Sep 4 2009
StemCells, Inc. (NASDAQ:STEM) today announced the publication of preclinical data demonstrating for the first time that transplantation of its proprietary, purified human neural stem cells delays the loss of motor function in a mouse model of infantile neuronal ceroid lipofuscinosis (NCL). NCL, commonly referred to as Batten disease, is a fatal neurodegenerative disorder in children. This paper, “Neuroprotection of Host Cells by Human Central Nervous System Stem Cells in a Mouse Model of Infantile Neuronal Ceroid Lipofuscinosis,” was published online today in the peer-reviewed journal Cell Stem Cell, and will be featured in the September 2009 print edition.
The study highlights StemCells’ novel neuroprotective approach to treating neurodegenerative diseases and the therapeutic potential of its neural stem cells. In this research, these cells were transplanted in a mouse model of infantile NCL and compared to a control (non-transplanted) group. The results demonstrate that the transplanted cells engraft, migrate throughout the brain and continuously secrete the missing lysosomal enzyme characteristic of NCL, which is needed to process cellular waste and keep neurons functioning and healthy. Compared with the control group, the mice that received the transplanted neural stem cells showed statistically significant reduction in cellular waste build-up, protection of critical host neurons and delayed loss of motor function.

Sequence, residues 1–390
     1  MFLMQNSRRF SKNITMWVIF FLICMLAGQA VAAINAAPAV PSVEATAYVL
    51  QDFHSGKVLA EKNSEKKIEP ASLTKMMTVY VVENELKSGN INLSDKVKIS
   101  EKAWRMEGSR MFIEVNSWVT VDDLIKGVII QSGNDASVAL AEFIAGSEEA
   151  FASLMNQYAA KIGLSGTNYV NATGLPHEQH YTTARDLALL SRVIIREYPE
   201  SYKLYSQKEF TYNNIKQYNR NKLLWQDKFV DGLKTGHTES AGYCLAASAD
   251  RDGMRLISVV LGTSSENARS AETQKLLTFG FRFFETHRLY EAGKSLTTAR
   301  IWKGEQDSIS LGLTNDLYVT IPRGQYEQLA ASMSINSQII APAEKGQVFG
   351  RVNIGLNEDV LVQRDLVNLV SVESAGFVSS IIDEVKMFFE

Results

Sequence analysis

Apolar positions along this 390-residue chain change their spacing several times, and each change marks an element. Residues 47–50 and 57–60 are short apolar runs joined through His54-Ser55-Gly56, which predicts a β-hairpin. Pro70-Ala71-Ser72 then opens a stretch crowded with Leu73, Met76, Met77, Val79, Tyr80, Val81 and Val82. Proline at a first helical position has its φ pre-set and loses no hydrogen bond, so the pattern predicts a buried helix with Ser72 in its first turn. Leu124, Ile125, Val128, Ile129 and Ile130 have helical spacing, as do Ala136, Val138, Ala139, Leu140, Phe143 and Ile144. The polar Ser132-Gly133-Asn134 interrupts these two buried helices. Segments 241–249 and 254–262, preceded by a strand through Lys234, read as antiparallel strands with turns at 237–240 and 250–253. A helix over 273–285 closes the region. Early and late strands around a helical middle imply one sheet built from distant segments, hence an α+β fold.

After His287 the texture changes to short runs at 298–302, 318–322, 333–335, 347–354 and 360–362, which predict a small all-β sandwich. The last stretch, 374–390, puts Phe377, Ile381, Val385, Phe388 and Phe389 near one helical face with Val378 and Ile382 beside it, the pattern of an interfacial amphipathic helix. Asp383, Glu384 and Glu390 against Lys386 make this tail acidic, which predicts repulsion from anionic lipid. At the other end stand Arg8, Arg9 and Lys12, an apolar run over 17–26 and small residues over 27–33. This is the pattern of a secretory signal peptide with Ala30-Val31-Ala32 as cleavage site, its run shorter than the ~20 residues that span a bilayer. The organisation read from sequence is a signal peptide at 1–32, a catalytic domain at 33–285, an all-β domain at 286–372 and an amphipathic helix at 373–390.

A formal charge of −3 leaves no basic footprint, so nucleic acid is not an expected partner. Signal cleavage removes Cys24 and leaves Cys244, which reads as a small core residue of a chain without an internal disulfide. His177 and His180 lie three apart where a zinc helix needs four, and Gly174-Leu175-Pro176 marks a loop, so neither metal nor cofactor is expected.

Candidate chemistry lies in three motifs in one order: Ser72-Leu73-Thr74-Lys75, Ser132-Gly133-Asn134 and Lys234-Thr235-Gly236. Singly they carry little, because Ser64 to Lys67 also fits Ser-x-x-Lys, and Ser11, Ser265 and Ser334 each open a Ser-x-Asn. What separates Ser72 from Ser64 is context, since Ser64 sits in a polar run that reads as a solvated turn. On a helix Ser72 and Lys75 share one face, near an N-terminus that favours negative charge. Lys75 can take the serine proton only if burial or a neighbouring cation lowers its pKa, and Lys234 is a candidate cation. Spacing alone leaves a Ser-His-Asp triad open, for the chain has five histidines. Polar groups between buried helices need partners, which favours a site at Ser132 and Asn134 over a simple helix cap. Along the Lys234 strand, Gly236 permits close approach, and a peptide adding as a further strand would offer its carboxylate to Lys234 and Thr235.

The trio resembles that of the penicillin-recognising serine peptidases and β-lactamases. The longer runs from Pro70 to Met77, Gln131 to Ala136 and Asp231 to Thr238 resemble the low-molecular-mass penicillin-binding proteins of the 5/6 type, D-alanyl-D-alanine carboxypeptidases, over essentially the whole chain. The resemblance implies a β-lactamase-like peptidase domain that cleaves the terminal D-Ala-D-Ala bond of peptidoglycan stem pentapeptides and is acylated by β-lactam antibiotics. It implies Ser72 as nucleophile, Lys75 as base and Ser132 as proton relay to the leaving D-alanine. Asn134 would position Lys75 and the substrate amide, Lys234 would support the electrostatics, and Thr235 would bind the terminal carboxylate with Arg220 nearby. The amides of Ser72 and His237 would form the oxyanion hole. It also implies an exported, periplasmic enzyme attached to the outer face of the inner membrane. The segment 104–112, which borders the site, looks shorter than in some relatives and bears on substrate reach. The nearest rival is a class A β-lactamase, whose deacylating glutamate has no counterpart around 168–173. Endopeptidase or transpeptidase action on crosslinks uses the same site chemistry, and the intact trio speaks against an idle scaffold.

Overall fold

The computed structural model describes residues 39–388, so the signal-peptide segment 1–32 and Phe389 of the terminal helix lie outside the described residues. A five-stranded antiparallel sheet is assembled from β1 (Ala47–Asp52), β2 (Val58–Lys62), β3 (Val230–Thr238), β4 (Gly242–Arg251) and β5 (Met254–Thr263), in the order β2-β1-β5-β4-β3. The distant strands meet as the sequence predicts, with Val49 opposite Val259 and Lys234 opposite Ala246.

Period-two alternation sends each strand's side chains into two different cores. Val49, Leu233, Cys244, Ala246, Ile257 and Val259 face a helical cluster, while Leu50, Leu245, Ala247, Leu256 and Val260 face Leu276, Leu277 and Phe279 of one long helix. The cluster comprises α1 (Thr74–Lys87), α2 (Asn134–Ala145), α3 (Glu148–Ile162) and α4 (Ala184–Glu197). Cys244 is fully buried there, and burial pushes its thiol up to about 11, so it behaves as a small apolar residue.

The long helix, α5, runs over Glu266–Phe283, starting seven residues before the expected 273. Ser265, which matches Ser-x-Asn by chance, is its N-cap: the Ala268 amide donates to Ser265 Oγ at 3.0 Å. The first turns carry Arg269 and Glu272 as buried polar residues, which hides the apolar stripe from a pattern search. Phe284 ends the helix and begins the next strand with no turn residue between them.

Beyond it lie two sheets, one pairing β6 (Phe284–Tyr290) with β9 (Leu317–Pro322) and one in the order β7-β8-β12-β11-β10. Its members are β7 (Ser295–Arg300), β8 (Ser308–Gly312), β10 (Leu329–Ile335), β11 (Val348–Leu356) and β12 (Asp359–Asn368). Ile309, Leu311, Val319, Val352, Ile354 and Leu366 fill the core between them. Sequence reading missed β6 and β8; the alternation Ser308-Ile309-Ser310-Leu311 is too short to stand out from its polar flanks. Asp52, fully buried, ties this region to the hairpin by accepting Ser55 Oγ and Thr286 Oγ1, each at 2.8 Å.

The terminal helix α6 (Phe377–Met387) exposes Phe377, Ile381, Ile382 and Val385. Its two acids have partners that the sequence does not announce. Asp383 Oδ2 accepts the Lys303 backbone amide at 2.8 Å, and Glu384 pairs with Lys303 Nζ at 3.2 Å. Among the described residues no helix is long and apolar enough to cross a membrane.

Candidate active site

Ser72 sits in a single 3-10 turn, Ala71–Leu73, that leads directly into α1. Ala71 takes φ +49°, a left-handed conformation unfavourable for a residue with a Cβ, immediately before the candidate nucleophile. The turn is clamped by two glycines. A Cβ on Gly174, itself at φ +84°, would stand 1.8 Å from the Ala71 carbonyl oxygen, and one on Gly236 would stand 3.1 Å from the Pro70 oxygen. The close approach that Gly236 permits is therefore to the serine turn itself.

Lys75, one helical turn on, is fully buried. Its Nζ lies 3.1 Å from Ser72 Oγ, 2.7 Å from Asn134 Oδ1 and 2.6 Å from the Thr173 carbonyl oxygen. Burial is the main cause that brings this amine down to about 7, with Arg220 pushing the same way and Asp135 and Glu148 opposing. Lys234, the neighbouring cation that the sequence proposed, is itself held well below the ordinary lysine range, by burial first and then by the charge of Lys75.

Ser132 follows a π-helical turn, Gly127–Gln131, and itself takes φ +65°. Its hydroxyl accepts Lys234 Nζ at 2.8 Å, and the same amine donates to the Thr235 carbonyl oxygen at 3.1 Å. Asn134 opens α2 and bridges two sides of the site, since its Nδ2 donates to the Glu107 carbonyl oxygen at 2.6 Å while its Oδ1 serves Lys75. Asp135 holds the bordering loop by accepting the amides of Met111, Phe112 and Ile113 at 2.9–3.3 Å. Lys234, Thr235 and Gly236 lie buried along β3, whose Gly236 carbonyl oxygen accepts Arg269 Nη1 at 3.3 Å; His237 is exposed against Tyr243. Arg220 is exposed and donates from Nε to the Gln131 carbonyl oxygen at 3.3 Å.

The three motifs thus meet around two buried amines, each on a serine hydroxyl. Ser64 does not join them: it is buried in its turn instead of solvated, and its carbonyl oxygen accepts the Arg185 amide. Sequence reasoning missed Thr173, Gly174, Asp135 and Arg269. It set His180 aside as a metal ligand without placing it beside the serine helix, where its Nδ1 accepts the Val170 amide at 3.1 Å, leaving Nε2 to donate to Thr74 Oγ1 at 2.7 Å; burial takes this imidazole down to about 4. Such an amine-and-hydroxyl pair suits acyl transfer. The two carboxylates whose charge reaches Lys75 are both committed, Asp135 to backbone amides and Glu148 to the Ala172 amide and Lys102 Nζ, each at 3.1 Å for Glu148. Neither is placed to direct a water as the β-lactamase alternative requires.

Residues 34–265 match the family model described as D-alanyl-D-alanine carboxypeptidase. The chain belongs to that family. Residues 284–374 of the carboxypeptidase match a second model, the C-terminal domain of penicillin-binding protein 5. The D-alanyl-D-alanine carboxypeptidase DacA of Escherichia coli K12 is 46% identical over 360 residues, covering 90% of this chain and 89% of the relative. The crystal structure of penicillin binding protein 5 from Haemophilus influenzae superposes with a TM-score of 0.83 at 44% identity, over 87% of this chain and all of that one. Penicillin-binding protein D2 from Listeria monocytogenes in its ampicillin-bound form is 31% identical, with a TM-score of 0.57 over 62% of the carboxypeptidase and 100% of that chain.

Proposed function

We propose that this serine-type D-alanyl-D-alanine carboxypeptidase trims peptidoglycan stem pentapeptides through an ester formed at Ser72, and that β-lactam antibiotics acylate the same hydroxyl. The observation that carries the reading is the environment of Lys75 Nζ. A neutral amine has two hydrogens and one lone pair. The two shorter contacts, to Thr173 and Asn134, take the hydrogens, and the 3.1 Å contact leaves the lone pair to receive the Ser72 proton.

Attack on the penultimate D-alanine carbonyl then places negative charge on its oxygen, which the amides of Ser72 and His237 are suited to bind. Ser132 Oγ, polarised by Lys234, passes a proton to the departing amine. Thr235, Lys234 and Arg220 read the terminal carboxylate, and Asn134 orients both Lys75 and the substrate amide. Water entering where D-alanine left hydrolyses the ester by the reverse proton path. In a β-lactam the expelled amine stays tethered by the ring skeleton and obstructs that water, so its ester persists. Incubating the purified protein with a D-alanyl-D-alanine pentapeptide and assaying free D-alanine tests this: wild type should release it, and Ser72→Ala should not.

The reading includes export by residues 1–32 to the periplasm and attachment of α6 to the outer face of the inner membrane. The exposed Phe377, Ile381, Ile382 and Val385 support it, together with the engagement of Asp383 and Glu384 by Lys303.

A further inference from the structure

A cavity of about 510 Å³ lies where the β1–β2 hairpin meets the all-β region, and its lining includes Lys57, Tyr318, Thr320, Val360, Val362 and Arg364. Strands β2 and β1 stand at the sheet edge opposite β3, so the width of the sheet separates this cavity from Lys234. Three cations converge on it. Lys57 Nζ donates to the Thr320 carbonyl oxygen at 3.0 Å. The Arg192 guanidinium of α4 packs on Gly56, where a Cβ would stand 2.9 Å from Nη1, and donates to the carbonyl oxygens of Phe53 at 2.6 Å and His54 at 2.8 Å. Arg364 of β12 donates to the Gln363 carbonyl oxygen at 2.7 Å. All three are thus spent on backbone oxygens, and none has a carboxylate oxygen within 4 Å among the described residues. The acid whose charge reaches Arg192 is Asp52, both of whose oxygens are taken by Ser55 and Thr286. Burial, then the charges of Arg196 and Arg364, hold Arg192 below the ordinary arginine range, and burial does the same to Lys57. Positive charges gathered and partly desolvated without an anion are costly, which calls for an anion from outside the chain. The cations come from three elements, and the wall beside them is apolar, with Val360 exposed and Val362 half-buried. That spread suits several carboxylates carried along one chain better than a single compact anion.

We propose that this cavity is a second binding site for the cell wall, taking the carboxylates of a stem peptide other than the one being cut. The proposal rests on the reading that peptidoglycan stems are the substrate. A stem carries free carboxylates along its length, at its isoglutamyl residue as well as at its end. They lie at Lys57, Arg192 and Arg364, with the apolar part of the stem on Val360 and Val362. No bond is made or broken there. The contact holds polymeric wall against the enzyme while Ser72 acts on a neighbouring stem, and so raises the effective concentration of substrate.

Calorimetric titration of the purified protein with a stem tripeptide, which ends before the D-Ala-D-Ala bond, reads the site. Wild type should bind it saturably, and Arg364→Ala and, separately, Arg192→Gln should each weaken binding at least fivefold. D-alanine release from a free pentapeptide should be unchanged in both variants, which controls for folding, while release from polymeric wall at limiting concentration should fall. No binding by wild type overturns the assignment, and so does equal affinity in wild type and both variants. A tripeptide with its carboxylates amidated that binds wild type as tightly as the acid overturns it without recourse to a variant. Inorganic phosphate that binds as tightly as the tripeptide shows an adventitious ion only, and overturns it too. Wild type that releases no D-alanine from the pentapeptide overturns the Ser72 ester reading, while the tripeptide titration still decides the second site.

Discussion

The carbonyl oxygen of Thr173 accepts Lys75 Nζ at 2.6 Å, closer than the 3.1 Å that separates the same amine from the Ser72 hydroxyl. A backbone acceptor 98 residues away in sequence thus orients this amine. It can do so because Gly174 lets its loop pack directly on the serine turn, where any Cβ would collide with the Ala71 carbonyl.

“These exciting results suggest the prospect for improving the quality of life in patients suffering from NCL, and provide additional preclinical support for the development of our neural stem cells in this disease,” stated Stephen Huhn MD, FACS, FAAP, Vice President and Head of the CNS Program at StemCells, Inc. “We are encouraged to continue our clinical development efforts with the hope of one day achieving a breakthrough in treating neurodegenerative diseases like NCL, which today have no cure.”
The study was conducted by researchers at StemCells, Inc., led by Nobuko Uchida, Ph.D., Vice President of the Company’s Stem Cell Biology Program, in collaboration with leading researchers in genetics, neurology and stem cell biology at King’s College London, the Stanford University School of Medicine and The Salk Institute for Biological Studies. The neural stem cells used in the study were supplied by StemCells, Inc.
StemCells is currently testing its neural stem cell product candidate, HuCNS-SC® cells, in clinical trials. The Company completed a Phase I trial in NCL in January 2009, the results of which demonstrated a favorable safety profile along with evidence of engraftment and long-term survival of the HuCNS-SC cells. StemCells has also received approval from the U.S. Food and Drug Administration (FDA) to initiate a Phase I trial of its HuCNS-SC cells to treat Pelizaeus-Merzbacher Disease (PMD), a fatal myelination disorder in the brain that primarily affects young children.